On October 24, 2013, the O’Neill Institute for National and Global Health Law at Georgetown University and the Lawyers Collective formally launched the Global Health and Human Rights Database. This long-awaited database provides users with free online access to law from around the world on health and human rights, offering an interactive, searchable, and fully indexed website of case law, national constitutions and international instruments.
The launch was formalized with a celebratory event held at UN Headquarters during the 68th session of the UN General Assembly, that brought together speakers working across a number of sectors. The event featured opening remarks by United Nations Special Rapporteur on the Right to Health and Lawyers Collective Project Director Anand Grover and two panels—one on the development of the database and the other of the potential application of the database across sectors.
The first panel outlined the gaps that existed in the field that led both institutions to develop the database, the challenges faced in engaging in this endeavor, the research methodologies adopted, and the visions held by each of the institutions in bringing this database into fruition. The panel was introduced and moderated by Benjamin Mason Meier (University of North Carolina at Chapel Hill). The speakers were Ana Ayala (O’Neill Institute), Brian Citro (University of Chicago Law School and formerly with the Lawyers Collective), and Suzanne Zhou (Lawyers Collective).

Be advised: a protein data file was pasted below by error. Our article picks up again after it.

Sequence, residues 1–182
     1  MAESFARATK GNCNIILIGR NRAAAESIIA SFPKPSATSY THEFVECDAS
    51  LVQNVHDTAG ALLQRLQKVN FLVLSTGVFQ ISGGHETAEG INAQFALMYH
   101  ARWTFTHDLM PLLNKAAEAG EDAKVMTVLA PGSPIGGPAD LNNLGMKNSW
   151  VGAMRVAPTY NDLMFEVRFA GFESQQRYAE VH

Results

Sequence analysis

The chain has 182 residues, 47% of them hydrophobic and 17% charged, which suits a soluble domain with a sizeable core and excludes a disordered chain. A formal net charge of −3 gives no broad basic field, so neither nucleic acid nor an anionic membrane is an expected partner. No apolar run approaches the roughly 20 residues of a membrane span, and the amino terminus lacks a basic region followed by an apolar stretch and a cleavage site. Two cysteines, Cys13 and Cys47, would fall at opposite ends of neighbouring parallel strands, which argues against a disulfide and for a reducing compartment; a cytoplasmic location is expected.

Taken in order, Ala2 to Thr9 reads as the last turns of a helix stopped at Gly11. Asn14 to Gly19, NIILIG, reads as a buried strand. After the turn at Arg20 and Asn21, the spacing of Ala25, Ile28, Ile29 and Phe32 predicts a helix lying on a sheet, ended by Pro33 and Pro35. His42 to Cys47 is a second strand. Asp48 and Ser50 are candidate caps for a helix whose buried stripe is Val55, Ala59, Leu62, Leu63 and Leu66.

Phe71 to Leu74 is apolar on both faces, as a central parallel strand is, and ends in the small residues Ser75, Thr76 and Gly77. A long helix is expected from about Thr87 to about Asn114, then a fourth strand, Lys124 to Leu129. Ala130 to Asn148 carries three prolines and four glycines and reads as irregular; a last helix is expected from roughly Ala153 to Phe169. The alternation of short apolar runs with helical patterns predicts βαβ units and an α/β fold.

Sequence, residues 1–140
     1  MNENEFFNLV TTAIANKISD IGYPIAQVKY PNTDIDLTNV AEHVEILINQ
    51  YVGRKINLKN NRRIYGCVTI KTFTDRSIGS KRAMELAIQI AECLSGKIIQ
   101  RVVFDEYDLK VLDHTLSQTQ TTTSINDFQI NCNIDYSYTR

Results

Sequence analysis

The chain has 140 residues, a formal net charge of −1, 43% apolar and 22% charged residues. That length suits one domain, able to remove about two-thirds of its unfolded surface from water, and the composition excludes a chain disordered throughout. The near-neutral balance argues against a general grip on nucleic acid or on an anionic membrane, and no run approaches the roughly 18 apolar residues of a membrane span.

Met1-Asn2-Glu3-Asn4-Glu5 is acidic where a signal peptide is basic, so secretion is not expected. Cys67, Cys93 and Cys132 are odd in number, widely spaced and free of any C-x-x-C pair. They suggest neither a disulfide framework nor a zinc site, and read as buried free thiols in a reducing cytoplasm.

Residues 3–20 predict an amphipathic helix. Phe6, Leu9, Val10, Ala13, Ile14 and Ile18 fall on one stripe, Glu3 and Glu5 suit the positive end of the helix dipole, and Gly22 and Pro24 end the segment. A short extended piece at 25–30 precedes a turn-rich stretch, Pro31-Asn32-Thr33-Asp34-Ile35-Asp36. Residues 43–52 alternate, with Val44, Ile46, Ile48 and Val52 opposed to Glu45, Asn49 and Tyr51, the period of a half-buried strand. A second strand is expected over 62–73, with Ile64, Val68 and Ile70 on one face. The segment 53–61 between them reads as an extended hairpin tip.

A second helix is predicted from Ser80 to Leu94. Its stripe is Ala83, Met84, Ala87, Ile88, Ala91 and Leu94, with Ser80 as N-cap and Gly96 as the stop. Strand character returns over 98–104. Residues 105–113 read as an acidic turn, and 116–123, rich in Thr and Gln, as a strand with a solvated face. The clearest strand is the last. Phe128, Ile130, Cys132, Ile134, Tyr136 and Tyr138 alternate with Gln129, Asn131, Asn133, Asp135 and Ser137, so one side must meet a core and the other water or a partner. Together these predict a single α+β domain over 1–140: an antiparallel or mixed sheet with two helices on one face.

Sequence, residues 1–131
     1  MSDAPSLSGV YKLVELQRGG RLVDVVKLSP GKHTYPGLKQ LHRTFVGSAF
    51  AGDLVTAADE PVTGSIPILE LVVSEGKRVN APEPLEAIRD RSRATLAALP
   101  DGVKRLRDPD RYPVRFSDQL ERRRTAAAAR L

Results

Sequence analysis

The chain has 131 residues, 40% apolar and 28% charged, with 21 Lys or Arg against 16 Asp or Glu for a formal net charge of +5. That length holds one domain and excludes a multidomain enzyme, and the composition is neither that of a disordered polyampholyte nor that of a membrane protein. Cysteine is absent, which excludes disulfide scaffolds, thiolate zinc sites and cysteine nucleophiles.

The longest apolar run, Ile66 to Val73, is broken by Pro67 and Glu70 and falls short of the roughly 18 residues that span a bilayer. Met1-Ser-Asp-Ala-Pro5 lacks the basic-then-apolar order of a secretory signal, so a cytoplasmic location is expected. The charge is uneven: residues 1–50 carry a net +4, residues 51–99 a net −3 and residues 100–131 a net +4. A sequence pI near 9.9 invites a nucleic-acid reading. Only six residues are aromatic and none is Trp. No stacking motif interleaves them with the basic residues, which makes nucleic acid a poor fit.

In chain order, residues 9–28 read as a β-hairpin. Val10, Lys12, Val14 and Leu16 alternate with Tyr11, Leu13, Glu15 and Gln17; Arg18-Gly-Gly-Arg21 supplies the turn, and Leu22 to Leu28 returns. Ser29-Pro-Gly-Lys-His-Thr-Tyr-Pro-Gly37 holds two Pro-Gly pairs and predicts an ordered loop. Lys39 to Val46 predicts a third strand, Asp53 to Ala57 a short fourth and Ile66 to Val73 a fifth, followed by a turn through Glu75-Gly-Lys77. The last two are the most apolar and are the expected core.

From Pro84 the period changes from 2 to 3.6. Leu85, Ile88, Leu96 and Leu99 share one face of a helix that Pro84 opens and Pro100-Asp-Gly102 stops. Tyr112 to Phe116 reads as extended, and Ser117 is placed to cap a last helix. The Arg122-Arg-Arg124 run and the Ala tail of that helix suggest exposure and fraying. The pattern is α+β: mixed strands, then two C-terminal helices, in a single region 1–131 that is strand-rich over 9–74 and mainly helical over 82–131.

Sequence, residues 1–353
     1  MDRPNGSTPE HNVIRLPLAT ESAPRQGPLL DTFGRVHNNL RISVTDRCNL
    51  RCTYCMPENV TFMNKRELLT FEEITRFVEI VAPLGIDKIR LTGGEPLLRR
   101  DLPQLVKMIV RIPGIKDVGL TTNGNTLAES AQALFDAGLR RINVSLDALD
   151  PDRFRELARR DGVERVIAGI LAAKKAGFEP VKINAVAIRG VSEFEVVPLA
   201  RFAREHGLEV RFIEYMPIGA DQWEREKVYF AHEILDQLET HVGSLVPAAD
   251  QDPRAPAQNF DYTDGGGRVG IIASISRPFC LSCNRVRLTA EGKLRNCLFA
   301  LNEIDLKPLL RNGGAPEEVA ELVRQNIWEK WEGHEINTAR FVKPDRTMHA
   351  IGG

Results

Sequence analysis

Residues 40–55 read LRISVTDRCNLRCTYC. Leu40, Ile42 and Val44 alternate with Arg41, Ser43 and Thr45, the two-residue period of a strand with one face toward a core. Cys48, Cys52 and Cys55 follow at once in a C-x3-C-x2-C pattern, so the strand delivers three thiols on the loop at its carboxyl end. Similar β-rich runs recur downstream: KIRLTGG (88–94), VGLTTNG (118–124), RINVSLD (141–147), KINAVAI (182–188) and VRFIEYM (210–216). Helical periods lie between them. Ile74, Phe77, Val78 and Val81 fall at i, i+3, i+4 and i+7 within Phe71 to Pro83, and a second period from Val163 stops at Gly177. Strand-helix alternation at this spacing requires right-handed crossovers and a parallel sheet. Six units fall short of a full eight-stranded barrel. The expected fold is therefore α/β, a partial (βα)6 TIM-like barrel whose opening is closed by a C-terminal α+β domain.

The second panel explored the ways in which the database could contribute to those working in the area of health and human rights, whether they be litigants, activists, academics, or students. The panel was introduced and moderated by Jonathan Cohen (Open Society Foundations) and was composed of three other speakers: Joseph Amon (Human Rights Watch), Terry McGovern (Columbia University), and Nadia Rasheed (United Nations Development Program (UNDP)).
Important questions were raised regarding the database’s potential to address the needs by the global health and human rights community, including the implementation of litigation and the database’s future ability to translate judgments into a number of languages. The conversation also highlighted the database’s capacity to provide users the ability to compare and contrast arguments across jurisdictions to improve litigation and advocacy strategies.
The database was developed in collaboration with a worldwide network of partners—including NGOs, academics and private researchers—and welcomes potential new partnerships to the project. It also encourages users to submit information on cases, international and regional instruments, and national constitutions currently not contained in the database, as wells as feedback on the functionality and features of the database.
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The views reflected in this blog are those of the individual authors and do not necessarily represent those of the O’Neill Institute for National and Global Health Law or Georgetown University. This blog is solely informational in nature, and not intended as a substitute for competent legal advice from a licensed and retained attorney in your state or country.